When a credit card account is more than 180 days past due, it must generally be charged-off.252 This means that the debt is no longer carried as an asset of value on the company’s books, giving investors and lenders a more accurate picture of a company’s net worth. Charge-offs accounts are treated as an expense or a loss253 to the creditor, but the charged-off debt is not canceled.254 Any payment on the charged-off debt is then treated as income—a recovery on a bad debt—on the creditor’s books.255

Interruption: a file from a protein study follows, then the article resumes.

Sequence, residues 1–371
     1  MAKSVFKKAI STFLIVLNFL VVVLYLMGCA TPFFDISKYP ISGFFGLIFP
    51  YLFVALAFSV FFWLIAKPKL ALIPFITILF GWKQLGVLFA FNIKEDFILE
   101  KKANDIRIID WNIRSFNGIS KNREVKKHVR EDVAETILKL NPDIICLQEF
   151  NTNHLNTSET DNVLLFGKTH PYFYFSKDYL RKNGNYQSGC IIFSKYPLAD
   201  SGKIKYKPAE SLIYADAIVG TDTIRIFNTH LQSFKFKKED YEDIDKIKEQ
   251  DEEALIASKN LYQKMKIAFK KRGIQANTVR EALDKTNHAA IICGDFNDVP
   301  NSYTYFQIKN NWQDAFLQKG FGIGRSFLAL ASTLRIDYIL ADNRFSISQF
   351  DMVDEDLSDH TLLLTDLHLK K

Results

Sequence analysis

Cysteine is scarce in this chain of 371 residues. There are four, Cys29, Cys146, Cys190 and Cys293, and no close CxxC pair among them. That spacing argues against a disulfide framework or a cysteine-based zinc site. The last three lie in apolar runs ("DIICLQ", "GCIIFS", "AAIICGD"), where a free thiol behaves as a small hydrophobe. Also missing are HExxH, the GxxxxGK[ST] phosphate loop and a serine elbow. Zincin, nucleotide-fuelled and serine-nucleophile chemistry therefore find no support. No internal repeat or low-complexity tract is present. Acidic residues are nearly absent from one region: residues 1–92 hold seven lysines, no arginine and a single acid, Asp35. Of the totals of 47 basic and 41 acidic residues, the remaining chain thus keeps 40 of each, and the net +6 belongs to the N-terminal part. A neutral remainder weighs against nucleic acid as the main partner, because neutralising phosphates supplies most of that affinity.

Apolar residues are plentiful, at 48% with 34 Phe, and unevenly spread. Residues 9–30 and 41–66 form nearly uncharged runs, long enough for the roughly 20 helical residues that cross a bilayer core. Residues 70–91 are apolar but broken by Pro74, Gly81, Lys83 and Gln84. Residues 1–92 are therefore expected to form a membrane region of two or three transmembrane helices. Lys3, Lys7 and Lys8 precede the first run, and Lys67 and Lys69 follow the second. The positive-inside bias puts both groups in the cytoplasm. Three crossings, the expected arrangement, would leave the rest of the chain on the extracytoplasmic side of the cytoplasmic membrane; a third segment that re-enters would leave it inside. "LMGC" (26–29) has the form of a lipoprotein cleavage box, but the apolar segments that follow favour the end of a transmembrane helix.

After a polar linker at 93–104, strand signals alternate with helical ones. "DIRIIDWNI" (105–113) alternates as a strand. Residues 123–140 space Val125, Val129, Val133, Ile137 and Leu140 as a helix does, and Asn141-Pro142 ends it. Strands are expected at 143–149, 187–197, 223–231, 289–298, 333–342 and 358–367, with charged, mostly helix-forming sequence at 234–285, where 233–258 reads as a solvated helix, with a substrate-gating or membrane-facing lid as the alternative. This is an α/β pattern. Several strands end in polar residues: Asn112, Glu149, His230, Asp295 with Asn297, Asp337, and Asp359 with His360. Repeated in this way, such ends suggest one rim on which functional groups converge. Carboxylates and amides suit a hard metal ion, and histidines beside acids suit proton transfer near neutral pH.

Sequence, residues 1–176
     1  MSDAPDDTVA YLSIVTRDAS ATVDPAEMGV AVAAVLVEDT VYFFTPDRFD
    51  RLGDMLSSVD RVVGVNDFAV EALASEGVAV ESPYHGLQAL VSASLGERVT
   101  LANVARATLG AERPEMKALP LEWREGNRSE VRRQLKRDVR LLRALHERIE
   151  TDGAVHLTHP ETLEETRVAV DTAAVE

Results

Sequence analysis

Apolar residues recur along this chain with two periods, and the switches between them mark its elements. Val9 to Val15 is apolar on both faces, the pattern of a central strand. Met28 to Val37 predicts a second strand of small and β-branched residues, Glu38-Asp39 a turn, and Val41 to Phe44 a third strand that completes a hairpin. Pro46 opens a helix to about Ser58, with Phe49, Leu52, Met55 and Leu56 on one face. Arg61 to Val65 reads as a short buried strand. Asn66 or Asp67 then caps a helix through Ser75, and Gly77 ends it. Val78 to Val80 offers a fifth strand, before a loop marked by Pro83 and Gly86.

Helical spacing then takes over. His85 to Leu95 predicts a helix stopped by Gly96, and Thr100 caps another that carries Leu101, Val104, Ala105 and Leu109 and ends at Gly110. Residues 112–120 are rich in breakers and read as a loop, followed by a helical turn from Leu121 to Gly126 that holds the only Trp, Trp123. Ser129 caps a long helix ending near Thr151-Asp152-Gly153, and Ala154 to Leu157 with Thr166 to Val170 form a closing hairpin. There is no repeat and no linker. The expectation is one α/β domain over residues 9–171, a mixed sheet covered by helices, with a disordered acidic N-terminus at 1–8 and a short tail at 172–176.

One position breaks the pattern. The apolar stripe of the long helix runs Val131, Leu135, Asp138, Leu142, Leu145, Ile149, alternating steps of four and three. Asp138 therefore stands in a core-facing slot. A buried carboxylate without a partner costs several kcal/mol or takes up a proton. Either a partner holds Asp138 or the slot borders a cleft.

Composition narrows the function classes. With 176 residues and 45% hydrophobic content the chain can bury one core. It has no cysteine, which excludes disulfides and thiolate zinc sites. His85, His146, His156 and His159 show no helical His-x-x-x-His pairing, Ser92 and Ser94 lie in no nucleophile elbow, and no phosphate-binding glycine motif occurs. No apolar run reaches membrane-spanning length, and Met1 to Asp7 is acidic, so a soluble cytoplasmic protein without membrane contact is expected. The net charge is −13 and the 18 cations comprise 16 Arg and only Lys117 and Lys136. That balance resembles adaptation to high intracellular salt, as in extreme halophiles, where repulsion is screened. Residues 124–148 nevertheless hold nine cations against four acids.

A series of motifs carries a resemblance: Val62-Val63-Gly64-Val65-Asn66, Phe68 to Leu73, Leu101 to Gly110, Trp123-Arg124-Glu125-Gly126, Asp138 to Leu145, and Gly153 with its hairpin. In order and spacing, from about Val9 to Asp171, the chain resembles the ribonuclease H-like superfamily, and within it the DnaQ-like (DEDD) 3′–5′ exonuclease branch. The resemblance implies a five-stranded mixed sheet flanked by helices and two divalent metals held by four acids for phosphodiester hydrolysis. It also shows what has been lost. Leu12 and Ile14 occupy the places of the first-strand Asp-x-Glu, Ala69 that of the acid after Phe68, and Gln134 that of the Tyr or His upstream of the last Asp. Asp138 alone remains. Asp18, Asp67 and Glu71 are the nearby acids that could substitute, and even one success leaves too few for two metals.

252 See, e.g., Fed. Fin. Insts. Examination Council, Uniform Retail Credit Classification and Account Management Policy, 65 Fed. Reg. 39,603 (June 12,2000).
253 Credit card issuers may also declare accounts as losses for other reasons.
254 See, e.g., Kelly v. Wolpoff & Abramson, L.L.P., 634 F. Supp. 2d 1202 (D. Colo. 2008) (fact that bank had “charged off” credit card debt after 180 days after delinquency was an accounting device required by federal regulations and did not “extinguish” debt, as plaintiff alleged, or alter right of defendant to collect it).
255 See 5000—FDIC Statements of Policy, Uniform Retail Credit Classification And Account Management Policy, available at www.fdic.gov.